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Entries in stationery (2)

Wednesday
Mar202013

Hanging by a Fiber

Newspapers and magazines have predicted the death of print for years. With Newsweek enduring only in pixels and Saturday USPS deliveries on the butcher block, I re-living the last breaths of 35mm film again.

The end of print doesn’t bode well for me, as an editor and stationer. But I haven’t been doing much to save it. Google Reader is a constant companion—though not for much longer—as is my Kindle and iPhone. In looking at the realistic future of my business, I continually gut-check myself as to when I would reach for the physical over the digital. Five instances come immediately to mind:

Thank you note written and sketched by Aptly NotedSketch thank you note to my in-laws for sending homemade cookies.

  1. Thank you notes: Firing off an email of appreciation is sometimes all time allows, but a handwritten note carries with it sentimentality and literal weight. It takes the sender time to compose it. Much of life passes by undocumented. With that one note, the writer captures a moment of time in an expression of gratitude.
  2. Letters: Perusing archived and historical letters is a more intimate experience than robotically paging through one-line emails. Paper can be musky, yellowed, and deteriorating, but it’s a direct connection to someone years or centuries apart.
  3. Travel reads: Catching up on news on my iPhone is great until I disappear underground on the subway, fly 20,000 feet above the earth, head out to a remote destination, or even ride in a moving vehicle. Screens aren’t easy to ready when the reader or the screen is jostling up and down. Mobile is indisputably convenient, but a printed-pulp based product is reliable.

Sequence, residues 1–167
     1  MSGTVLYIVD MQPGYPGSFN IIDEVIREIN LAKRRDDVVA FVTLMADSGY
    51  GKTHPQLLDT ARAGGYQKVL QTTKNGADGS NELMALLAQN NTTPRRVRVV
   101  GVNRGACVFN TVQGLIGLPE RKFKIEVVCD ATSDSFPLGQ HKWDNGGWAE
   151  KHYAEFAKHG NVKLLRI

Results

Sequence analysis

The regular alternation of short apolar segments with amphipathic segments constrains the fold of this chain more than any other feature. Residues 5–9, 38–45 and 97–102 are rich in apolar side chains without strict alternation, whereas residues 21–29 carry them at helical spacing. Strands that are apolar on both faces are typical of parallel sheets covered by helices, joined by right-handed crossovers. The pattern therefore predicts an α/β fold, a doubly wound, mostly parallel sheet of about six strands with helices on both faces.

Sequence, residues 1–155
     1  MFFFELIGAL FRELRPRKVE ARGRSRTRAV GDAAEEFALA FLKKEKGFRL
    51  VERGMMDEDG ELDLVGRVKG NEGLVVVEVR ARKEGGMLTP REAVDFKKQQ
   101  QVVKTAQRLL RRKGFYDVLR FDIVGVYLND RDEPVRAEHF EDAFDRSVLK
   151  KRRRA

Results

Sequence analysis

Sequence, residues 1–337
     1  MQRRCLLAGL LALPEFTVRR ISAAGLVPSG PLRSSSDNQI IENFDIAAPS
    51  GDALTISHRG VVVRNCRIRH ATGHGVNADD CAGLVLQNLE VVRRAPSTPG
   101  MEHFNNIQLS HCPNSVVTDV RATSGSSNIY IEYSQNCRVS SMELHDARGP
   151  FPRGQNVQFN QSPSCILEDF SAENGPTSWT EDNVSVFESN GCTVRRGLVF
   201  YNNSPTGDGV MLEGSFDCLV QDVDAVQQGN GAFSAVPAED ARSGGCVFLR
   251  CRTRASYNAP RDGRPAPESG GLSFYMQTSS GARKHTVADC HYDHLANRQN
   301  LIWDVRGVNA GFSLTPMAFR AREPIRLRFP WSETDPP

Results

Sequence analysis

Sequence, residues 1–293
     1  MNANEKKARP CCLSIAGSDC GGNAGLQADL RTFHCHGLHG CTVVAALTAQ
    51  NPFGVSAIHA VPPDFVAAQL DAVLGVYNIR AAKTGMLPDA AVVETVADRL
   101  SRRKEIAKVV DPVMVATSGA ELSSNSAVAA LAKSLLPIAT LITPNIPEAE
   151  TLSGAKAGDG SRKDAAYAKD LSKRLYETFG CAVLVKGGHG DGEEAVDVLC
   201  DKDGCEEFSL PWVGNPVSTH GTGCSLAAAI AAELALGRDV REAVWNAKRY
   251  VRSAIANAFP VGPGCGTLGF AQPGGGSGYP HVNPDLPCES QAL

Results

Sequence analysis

4. Photographs: I have cradled my DSLR on 30-mile hikes and become its human shield in the rain. But I still don’t own a digital picture frame. The stark contrast of the LED or crystallized display against a room’s ambient light turns a nostalgic memory a miniature screensaver. I don’t print many photographs, but the ones that make it to paper are cherished.
  5. Textbooks: Though college is admittedly a distant memory, I still can’t imagine surviving classes without surrounding myself with sprawled-open textbooks, manually highlighting salient equations, and rifling through 500 pages in a last-ditched effort to absorb one more piece of information. 

As I try to convince myself why print will survive, more reasons to choose print over digital fill my mind. Yes, I understand that by blogging instead of journaling, I discredit my argument, but I have resolved to do better with my sketchbook this year. I’m only three months behind on my resolution.

Thursday
Mar012012

It Began with a Wedding

Future brides often fixate on the dress. My obsession was stationery. Yes, I was excited to marry the love of my life, to be with family and friends, and to celebrate the next stage of life—but I couldn’t wait to design my wedding invitations.

The hours spent sketching and perfecting every line and curve in Illustrator flew by. I was hooked. Peonies, my favorite flowers, took center stage in the invitation, RSVP, and thank you cards. A medley of my favorite flowers was featured on our program, table numbers, and seating cards. I also designed a custom logo that interlinks our first initials (in 2006, two years before Jane Seymour introduced her similar—and in my opinion, not as elegant—pendant).

After receiving our letterpress stationery from Sugar River Stationers, I fell in love with the look and feel of letterpress stationery. Furthermore, my design was selected as an Editor’s Pick in Brides magazine. Maybe I had something here, I thought.

Aptly Noted Peonies RSVP